Or they're sitting behind a computer, typing away on HN, never to know that they're potentially amazing theoretical physicists simply because their 7th grade teacher turned them off to the idea of physics in general so they studied computer science instead.

Until there's some kind of test that tells you your aptitudes at very subject, you'll always have people pick suboptimal paths to excellency and something other than what they absolutely theoretically could have been best at.


There is an ongoing minor controversy around Feynman's IQ score. See Steven Hsu here for some context: https://www.psychologytoday.com/blog/finding-the-next-einste....


> 50 IQ points is huge. It's the difference between a burger flipper and a physics professor. The change to the world when the average 5th grader is mastering chromodynamics is hard to even contemplate.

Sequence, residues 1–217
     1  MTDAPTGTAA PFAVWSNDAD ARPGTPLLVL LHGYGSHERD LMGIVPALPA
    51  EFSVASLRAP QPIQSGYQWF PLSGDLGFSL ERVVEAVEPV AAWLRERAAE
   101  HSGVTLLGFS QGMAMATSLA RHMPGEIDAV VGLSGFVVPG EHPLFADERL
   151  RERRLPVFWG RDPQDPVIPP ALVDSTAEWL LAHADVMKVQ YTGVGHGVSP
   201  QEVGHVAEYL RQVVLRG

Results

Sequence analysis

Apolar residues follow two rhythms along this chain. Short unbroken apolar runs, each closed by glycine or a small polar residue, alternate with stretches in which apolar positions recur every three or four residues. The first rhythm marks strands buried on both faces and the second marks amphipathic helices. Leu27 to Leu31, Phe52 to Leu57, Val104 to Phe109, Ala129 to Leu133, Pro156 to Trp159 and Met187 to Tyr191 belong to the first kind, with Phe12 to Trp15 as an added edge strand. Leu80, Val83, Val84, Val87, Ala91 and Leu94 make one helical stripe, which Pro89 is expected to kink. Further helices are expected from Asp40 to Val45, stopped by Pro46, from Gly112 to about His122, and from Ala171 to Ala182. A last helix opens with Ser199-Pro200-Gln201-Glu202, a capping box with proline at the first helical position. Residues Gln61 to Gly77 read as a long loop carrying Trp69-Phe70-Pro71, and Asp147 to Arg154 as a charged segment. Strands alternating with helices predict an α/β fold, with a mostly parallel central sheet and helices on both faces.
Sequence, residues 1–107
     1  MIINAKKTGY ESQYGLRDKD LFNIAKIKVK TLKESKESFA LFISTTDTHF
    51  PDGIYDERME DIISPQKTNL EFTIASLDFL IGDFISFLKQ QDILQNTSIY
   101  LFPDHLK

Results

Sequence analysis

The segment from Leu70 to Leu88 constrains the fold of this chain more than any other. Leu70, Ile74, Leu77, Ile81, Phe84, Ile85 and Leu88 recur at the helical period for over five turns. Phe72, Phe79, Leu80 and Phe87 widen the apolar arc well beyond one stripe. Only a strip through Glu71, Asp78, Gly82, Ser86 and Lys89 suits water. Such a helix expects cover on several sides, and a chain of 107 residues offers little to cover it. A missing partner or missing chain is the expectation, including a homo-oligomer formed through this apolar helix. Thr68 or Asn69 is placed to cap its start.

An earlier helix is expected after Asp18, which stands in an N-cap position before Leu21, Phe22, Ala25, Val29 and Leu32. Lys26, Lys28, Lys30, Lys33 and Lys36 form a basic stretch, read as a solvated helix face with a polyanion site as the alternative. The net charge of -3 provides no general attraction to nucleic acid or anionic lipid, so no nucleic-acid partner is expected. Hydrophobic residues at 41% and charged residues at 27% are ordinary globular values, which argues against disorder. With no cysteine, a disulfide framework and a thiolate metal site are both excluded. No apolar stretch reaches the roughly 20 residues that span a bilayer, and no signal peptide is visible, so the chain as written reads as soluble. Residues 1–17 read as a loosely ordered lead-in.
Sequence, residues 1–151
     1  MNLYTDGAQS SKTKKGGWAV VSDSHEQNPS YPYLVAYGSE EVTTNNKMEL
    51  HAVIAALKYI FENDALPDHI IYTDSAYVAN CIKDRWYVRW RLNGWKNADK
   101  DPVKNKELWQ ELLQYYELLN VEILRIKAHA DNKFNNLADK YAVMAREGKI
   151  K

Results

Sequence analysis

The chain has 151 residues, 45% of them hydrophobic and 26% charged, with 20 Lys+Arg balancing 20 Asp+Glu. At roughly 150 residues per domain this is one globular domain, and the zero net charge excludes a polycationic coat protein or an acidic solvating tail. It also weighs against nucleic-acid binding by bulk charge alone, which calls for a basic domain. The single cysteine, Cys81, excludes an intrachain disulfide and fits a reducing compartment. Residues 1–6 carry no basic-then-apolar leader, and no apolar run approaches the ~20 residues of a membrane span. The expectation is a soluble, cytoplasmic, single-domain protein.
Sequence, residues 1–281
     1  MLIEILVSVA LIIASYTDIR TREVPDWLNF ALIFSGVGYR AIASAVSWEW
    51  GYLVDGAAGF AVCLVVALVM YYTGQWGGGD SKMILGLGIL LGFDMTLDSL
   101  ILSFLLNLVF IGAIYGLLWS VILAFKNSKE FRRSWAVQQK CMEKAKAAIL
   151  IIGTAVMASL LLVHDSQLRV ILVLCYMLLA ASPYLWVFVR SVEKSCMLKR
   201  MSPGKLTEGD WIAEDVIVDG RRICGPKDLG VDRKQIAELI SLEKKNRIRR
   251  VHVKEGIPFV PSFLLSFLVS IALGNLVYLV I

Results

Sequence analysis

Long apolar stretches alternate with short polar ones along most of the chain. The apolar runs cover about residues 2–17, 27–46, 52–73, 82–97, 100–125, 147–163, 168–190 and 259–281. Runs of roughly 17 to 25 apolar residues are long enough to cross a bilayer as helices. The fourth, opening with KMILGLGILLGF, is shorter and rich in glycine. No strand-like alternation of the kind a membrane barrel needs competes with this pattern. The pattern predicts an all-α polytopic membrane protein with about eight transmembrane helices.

We will have super smart burger flippers?


Is there any foreseeable way to apply gene editing like this to adults? Could existing adults (us) in the future make use of this type of IQ increase?


Not impossible but much, much, much more plausible with embryos. Modifying billions of neurons is a very, very tall order, and would likely be much less effective after the brain is grown. Embryo selection and modification are almost doable now, we just don't know which alleles to select for or edit in. A gift you can give your children but one you are unlikely to be able to get for yourself.


This is true, as much as I disagree with his ideas. Trying to genetically modify a living adult across many cells is very difficult.


Who's ideas?



IQ test are a proxy for g. They are meaningless when applied to computers.


My point is that the IQ test is meaningless in measuring intelligence....


Here's a neat primer from Vox on some of the social science behind IQ. It's incredibly predictive of people's life outcomes!

http://www.vox.com/2016/5/24/11723182/iq-test-intelligence


That is...much better than I would have expected of Vox.


They really are meaningful. How about we make a deal? You read Intelligence: All That Matters and I'll read The Mismeasure of Man again.